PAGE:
Monday, January 18, 2010

Oil Efficiency Falls in Importance, Perhaps

Oil market participants are curious to know whether oil efficiency is becoming more important to consumers buying new vehicles. Consumers say no. In fact, they say its importance is diminishing.

Consumer Reports' 2010 Car Brand Perception Survey has just been released.  The US survey was conducted in December 2009.  Safety, quality, value and performance remain the primary factors of interest to consumers according to the 2010 survey.  Efficiency, called the 'environmentally friendly/green' factor in the survey, fell 8 percentage points from 40% in 2009 to 32% in 2010.  As Consumer Reports says:
"In a troubled economy, with gas prices relatively low, green in the wallet trumps environmental concerns."
In short, the Consumer Reports' Survey indicates that the greater than two year efficiency drive which occurred in the early 1980s is not being repeated at present. Instead, 2008-2009 oil demand destruction may be more like the 1973-1974 efficiency drive which quickly evaporated.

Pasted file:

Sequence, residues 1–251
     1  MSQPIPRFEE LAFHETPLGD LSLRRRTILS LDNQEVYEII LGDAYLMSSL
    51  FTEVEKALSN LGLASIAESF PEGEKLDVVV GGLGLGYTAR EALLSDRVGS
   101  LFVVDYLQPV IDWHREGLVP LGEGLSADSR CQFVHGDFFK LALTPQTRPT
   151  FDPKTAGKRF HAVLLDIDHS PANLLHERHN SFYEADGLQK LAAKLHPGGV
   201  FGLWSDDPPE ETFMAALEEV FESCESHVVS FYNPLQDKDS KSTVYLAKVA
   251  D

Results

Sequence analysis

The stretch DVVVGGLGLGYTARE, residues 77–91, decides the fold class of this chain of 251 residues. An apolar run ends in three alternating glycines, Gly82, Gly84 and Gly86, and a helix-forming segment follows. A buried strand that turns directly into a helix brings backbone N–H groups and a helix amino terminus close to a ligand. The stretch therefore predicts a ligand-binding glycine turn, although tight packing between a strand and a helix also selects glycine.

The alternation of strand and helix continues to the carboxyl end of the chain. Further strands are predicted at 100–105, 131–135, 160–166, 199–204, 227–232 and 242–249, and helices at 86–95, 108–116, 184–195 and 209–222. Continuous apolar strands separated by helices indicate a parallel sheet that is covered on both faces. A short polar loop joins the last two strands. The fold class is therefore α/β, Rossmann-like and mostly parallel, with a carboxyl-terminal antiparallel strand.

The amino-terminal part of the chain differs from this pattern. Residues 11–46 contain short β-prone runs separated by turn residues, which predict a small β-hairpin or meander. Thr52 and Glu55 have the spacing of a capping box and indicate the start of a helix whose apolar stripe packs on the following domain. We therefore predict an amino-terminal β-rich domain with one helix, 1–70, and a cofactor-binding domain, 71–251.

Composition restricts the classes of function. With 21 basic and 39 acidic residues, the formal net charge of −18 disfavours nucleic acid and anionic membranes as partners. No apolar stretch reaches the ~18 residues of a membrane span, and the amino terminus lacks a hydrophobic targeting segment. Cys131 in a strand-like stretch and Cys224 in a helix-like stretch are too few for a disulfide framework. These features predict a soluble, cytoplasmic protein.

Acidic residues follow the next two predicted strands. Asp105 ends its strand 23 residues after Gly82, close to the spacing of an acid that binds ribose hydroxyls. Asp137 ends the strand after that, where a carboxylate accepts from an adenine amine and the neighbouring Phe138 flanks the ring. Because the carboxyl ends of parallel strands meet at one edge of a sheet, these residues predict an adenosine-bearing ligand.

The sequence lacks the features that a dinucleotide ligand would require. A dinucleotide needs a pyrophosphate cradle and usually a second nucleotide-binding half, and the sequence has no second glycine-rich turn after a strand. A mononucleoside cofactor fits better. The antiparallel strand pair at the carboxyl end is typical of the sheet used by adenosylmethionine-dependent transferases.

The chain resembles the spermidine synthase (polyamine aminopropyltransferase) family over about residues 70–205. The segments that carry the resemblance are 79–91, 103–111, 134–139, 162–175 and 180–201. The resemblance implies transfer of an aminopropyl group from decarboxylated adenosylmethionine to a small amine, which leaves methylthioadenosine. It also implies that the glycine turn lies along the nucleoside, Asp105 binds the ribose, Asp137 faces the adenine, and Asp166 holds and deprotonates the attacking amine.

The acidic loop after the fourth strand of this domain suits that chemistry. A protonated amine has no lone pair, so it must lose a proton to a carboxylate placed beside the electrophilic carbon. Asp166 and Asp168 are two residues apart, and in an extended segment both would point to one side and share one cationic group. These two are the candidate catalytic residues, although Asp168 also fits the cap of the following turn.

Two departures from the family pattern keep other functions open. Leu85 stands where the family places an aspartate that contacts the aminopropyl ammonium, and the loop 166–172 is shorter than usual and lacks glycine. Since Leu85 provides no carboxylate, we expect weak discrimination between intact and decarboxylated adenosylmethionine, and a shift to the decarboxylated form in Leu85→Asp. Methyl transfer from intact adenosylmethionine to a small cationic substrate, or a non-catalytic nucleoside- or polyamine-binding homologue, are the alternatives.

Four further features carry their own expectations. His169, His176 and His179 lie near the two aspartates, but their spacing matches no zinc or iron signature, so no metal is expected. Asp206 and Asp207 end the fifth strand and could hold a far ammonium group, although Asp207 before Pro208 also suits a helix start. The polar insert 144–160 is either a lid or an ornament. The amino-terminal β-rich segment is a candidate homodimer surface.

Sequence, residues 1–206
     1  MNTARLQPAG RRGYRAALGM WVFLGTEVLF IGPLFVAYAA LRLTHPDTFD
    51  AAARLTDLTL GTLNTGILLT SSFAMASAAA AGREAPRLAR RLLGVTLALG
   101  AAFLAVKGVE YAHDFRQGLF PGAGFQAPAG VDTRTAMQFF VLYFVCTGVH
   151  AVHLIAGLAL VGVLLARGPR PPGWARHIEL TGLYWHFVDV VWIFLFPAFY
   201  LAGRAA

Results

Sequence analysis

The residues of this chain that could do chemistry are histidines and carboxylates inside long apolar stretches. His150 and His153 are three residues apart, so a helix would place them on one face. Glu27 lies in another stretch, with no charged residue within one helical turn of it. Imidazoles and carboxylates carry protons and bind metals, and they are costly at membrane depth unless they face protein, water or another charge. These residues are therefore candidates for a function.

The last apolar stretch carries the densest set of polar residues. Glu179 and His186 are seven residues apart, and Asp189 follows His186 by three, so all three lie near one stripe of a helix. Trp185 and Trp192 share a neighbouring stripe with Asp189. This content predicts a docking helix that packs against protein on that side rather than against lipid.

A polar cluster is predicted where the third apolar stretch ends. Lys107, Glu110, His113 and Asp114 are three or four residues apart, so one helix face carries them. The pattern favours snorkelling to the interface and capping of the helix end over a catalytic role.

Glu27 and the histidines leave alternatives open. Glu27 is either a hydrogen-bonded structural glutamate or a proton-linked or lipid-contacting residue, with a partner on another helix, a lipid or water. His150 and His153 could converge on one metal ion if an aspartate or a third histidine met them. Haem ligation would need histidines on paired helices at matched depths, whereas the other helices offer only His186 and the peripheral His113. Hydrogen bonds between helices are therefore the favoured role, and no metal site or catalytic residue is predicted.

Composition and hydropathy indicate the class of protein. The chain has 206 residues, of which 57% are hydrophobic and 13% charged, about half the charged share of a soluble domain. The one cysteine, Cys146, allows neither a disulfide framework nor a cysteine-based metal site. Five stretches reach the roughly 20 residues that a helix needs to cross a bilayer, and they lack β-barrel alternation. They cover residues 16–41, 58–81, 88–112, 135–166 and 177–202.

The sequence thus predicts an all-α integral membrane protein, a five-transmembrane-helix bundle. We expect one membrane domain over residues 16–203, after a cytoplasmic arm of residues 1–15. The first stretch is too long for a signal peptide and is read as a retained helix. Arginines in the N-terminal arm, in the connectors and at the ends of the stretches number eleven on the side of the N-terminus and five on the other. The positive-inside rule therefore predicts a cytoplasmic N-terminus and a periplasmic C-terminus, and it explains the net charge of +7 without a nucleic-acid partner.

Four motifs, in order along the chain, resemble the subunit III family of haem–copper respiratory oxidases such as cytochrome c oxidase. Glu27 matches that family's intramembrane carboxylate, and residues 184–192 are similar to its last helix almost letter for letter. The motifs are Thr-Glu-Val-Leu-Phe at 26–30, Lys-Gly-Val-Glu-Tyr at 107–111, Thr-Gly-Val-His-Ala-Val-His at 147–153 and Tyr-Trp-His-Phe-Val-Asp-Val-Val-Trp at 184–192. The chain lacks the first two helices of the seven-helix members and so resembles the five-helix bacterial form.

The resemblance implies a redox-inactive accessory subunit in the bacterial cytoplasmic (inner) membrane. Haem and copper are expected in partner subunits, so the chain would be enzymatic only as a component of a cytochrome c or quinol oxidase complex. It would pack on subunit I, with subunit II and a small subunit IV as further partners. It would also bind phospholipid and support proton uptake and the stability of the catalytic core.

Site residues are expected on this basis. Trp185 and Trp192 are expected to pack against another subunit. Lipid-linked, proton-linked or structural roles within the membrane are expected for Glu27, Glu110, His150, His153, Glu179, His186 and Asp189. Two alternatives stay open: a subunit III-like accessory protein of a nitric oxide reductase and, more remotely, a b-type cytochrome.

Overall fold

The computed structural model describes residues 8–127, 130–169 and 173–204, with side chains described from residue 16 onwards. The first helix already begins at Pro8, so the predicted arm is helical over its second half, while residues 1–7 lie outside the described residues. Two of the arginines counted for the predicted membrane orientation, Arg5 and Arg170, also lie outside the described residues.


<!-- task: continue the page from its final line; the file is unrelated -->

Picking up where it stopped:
The oil market is now receiving conflicting data from US oil consumers.  The percentage of newly purchased vehicles being cars is increasing versus SUVs and light trucks, but according to the Consumer Reports' survey consumers are saying that efficiency is less important.  Perhaps it is the wording of the Consumer Reports survey which is creating the conflict with actual US vehicle purchase data?  Perhaps we should watch what consumers do rather than what they say?

(See Oil 101 for more on prior oil demand destruction periods.)
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